A Medicare administrative contractor (MAC) for seven states has imposed a more stringent level of supervision than that required by Medicare for speech-language pathologists performing videostroboscopy or nasopharyngoscopy.
Last fall, the Centers for Medicare and Medicaid Services (CMS) removed any national Medicare requirement for physician supervision of qualified SLPs performing video-stroboscopy (CPT 31579; Current Procedural Terminology, ©American Medical Association) or CPT 92511, nasopharyngoscopy. As with a number of Medicare requirements, however, local MACs are permitted to specify a more stringent level of supervision.
In mid-December 2011, Palmetto—the MAC for California, Hawaii, Nevada, North Carolina, South Carolina, Virginia, and West Virginia—posted the following requirement:
Speech-language pathologists (SLPs) are trained in basic laryngeal examination related to speech and dysfunctional swallowing conditions. Since an SLP does not have the experience or knowledge to biopsy a neoplasm or an anatomical pathologic condition, Palmetto PGA will reimburse a videostroboscopy and nasopharyngoscopy service when an SLP performs the service under the direct supervision of a physician credentialed by the hospital to perform the services.
Note that when the provider setting is a hospital, "immediately available" means in an office close to the hospital or satellite department of a hospital.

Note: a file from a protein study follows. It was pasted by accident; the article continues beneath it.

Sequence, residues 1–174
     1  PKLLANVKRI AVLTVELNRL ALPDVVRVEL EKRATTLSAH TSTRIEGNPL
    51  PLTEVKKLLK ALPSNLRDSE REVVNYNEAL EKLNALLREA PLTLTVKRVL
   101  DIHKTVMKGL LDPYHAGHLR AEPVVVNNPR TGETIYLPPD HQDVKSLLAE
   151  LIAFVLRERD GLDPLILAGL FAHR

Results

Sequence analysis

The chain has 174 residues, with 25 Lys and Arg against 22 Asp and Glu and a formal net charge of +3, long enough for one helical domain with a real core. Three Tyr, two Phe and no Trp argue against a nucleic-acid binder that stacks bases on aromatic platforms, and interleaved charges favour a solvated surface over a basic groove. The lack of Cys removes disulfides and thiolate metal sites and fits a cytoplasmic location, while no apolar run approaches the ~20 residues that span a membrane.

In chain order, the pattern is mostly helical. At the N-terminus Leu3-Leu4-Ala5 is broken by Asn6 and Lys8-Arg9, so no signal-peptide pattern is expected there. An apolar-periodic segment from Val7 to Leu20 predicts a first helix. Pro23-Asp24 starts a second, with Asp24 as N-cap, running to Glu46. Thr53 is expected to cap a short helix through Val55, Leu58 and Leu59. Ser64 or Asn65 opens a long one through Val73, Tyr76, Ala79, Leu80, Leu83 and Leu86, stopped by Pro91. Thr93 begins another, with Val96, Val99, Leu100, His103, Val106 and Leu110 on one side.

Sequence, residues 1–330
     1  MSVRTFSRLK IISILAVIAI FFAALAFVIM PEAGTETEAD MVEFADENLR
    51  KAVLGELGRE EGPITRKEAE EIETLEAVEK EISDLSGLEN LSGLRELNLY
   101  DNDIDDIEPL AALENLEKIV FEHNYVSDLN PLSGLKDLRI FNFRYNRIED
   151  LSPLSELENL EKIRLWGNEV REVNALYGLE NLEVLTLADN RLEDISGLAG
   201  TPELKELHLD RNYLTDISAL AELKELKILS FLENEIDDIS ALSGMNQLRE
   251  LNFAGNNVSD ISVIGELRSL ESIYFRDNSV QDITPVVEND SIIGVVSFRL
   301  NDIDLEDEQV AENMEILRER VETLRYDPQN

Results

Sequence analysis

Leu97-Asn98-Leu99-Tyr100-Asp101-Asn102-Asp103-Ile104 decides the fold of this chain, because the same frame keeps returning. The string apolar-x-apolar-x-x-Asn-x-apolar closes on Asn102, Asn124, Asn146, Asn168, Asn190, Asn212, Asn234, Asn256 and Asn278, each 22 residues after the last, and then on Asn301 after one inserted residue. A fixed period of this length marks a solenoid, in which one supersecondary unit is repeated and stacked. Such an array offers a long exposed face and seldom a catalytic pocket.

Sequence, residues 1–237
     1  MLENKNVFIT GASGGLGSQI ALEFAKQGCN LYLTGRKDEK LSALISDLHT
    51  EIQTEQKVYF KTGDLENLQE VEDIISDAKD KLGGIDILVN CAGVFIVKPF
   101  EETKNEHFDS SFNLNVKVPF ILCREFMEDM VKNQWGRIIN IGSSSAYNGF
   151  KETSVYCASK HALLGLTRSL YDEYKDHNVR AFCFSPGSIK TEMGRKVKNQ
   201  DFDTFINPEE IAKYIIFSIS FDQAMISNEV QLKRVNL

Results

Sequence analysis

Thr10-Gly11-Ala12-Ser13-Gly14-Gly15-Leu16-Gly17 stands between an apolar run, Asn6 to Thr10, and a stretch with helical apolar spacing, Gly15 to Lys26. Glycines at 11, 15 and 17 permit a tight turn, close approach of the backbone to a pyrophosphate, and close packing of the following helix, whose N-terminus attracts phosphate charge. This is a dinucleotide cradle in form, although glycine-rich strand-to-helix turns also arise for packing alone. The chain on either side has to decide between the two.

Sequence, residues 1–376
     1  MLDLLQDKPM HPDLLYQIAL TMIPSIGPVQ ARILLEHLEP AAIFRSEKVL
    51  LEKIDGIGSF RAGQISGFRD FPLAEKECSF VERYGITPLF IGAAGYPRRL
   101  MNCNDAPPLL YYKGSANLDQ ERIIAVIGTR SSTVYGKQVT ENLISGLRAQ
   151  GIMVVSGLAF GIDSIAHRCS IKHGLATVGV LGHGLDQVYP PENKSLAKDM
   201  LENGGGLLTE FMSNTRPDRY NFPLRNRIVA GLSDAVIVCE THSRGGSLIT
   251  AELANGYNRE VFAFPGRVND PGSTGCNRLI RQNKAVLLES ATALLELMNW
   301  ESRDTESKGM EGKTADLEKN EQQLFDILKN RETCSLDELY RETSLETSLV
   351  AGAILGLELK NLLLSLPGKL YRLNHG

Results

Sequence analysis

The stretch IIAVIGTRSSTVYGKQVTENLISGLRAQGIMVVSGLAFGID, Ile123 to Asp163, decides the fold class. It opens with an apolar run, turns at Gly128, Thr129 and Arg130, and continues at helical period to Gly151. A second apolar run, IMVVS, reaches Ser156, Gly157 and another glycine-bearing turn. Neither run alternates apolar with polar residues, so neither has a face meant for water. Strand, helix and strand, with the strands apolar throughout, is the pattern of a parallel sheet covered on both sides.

In addition, "physician" may include a nurse practitioner or physician assistant if allowed under state law.
ASHA has contested Palmetto's requirement and has raised the following issues:
- Palmetto's rationale for requiring direct supervision appears to be that SLPs lack the experience or knowledge to biopsy. However, SLPs perform a videostroboscopy or nasopharyngoscopy to determine a functional, not medical, diagnosis. CMS confirmed this SLP role in a July 18, 2011, letter. An SLP's inability to biopsy does not detract from the SLP's qualifications to perform the procedures.
- The requirement that the supervising physician be credentialed by "the" hospital might be interpreted to mean that the procedure is approved for hospital settings only. ASHA has requested that Palmetto clarify that the procedures are covered in office settings as well. In the latest available Medicare Part B data, 86% of videostroboscopies occur in an office setting.
For more information, see The ASHA Leader, Aug. 2, 2011 or visit ASHA's Medicare reimbursement webpage.